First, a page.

Tuesday 1st June – Nagasaki
I am still not feeling 100%!a(MISSING)lthough my eyes seem much better but we have decided to stay in Nagasaki to give me more time to recover, our intention was to move on today. We had a Japanese style breakfast in a bento box, fish, fruit, rice and miso soup, it was very nice although we didn’t know what everything in the box was. Quite different but I wouldn’t like to eat it every day. After breakfast, we purchased a tram pass from the information centre in the bus station Y500 ($6) which gives us unlimited tram rides for the whole day.
Our first stop, of course, was the Atomic Bomb Hypocentre, the exact spot where the atom bomb exploded on 9th
August 1945 at 1102am, there is a memorial park here now with statues and ruins where the city’s cathedral once stood. The place was crawling with school children, obviously on an excursion, so it wasn’t exactly peaceful, but we still took some photographs before visiting the fascinating Atomic Bomb museum. We were horrified to find the place crawling with school tour groups, which made our visit to the museum rather noisy as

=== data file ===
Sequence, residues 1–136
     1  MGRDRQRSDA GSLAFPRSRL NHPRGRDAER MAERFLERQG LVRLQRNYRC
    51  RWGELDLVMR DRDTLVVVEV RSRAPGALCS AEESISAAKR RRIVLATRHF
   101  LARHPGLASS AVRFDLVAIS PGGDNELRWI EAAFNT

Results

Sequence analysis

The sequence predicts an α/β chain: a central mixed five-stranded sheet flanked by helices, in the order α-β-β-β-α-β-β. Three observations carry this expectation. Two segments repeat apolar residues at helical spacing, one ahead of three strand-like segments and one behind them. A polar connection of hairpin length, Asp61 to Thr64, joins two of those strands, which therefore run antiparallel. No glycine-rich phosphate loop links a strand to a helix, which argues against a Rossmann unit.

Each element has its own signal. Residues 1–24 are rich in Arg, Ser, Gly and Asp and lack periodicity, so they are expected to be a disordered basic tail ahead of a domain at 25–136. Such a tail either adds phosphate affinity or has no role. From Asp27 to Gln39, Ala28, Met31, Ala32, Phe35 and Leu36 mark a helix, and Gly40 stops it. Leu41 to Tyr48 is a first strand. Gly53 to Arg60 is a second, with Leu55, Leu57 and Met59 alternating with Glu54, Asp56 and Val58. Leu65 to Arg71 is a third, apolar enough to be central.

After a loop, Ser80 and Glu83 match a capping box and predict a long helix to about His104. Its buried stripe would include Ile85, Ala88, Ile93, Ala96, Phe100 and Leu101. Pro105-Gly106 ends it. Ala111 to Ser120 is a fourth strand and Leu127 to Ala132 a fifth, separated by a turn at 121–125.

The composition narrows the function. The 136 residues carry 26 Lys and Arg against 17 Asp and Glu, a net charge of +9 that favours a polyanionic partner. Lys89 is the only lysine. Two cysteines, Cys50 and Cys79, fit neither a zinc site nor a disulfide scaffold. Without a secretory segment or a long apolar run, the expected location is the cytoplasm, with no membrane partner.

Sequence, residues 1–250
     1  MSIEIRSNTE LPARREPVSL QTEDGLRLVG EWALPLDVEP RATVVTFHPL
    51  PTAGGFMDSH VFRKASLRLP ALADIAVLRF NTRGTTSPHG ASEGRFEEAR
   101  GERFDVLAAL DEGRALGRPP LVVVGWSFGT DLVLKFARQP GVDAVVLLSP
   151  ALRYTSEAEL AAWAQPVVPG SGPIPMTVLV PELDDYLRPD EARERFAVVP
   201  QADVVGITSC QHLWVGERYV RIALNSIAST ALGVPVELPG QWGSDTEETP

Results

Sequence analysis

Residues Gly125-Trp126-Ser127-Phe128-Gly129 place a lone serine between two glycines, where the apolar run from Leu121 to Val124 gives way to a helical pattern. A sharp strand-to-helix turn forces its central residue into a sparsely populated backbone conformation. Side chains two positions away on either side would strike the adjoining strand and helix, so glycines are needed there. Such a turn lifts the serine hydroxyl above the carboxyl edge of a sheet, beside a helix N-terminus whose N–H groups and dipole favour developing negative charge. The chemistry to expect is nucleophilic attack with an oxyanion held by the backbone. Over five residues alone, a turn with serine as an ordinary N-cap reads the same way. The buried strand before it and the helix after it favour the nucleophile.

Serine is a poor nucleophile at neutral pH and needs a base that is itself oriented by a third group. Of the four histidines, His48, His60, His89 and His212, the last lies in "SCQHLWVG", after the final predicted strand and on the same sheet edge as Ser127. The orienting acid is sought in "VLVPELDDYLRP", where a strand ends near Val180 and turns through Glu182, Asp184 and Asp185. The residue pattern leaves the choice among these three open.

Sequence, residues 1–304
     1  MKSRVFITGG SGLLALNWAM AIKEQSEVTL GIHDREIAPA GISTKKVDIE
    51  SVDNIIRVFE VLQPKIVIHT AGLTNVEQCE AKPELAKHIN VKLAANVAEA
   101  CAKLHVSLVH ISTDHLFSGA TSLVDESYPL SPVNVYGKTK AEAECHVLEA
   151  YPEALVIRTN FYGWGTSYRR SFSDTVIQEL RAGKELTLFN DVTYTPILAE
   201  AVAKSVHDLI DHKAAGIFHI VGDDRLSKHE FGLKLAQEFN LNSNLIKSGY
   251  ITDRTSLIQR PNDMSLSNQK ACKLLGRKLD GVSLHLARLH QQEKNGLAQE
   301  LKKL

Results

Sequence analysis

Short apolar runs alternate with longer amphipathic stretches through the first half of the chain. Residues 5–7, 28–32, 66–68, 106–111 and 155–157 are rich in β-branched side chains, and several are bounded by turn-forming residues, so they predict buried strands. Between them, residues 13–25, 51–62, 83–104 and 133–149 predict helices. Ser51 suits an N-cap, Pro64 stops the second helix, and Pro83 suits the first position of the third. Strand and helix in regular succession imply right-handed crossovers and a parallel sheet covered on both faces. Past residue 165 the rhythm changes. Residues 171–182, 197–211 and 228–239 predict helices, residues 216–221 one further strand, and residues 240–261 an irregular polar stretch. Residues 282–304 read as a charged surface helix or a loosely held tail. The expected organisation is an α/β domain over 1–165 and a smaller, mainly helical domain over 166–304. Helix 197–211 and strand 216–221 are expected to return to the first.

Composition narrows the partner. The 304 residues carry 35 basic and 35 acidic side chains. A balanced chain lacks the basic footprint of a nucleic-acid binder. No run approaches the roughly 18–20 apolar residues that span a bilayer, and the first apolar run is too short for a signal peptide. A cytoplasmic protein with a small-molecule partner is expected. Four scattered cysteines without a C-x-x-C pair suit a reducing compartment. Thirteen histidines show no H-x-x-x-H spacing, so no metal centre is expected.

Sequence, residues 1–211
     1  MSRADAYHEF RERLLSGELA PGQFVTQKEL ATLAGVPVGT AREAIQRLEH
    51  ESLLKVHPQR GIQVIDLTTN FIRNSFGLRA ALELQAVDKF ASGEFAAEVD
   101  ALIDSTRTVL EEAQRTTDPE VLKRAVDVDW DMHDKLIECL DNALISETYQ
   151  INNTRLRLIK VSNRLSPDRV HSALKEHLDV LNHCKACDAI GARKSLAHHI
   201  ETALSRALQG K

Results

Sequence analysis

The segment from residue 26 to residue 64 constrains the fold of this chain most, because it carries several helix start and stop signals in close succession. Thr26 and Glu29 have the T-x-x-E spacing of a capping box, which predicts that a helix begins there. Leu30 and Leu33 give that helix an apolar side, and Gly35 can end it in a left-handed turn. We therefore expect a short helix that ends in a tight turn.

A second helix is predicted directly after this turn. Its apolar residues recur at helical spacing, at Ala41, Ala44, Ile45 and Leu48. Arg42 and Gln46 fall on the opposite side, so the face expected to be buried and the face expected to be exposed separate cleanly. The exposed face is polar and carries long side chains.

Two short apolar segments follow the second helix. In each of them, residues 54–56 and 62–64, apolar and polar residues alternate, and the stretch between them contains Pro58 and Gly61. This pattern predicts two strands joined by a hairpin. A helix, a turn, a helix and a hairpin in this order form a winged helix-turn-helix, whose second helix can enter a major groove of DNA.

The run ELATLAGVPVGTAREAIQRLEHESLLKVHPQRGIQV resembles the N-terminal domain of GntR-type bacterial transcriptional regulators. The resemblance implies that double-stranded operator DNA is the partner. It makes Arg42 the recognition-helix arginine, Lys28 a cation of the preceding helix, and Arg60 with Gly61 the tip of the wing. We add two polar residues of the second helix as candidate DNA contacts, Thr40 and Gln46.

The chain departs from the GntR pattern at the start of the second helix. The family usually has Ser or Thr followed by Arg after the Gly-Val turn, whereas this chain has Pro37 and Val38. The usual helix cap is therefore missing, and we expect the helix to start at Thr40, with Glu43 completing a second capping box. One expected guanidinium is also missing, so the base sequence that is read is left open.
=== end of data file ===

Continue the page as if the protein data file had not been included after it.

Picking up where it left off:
they were running around everywhere with total disrespect. The museum had photographs (one awful one of a horse L); replicas of “Fat Boy” the plutonium bomb dropped on Nagasaki and various artefacts such as clothing, melted bottles and twisted steel. The museum cost Y100 ($1.30) to go in and took about an hour to go around.
After our museum visit we jumped back on the tram and set off for the two temples we wanted to visit. The first temple, Kofuku-ji, was really nice, so tidy and neat compared to Chinese temples, tatami screens, mats and pretty gardens, not a rat in sight. The second temple, Sofuku-ji, was supposed to be more impressive, but looked slightly more Chinese. We then walked along a very clean river full of huge goldfish (carp) and turtles to see the Spectacle Bridge, which was supposed to resemble eyeglasses (maybe it did if there was more water in the river); again, we were plagued by children in their sailor outfits. We then jumped back on the tram to the Site of the Martyrdom of 26 Saints, where 26 Christians were crucified in 1597. Again, there were school children everywhere, standing in the way when
you want to take a photo, they are rude and obnoxious, quite different to the Chinese children who are sweet and genuine by comparison, the Japs are just smart asses. After an ice-cream, we stopped off and bought some takeaway Y420 ($5) beef with onions, which we ate at the hostel. I had a great day sightseeing today! Wednesday 2nd June – Nagasaki - Hiroshima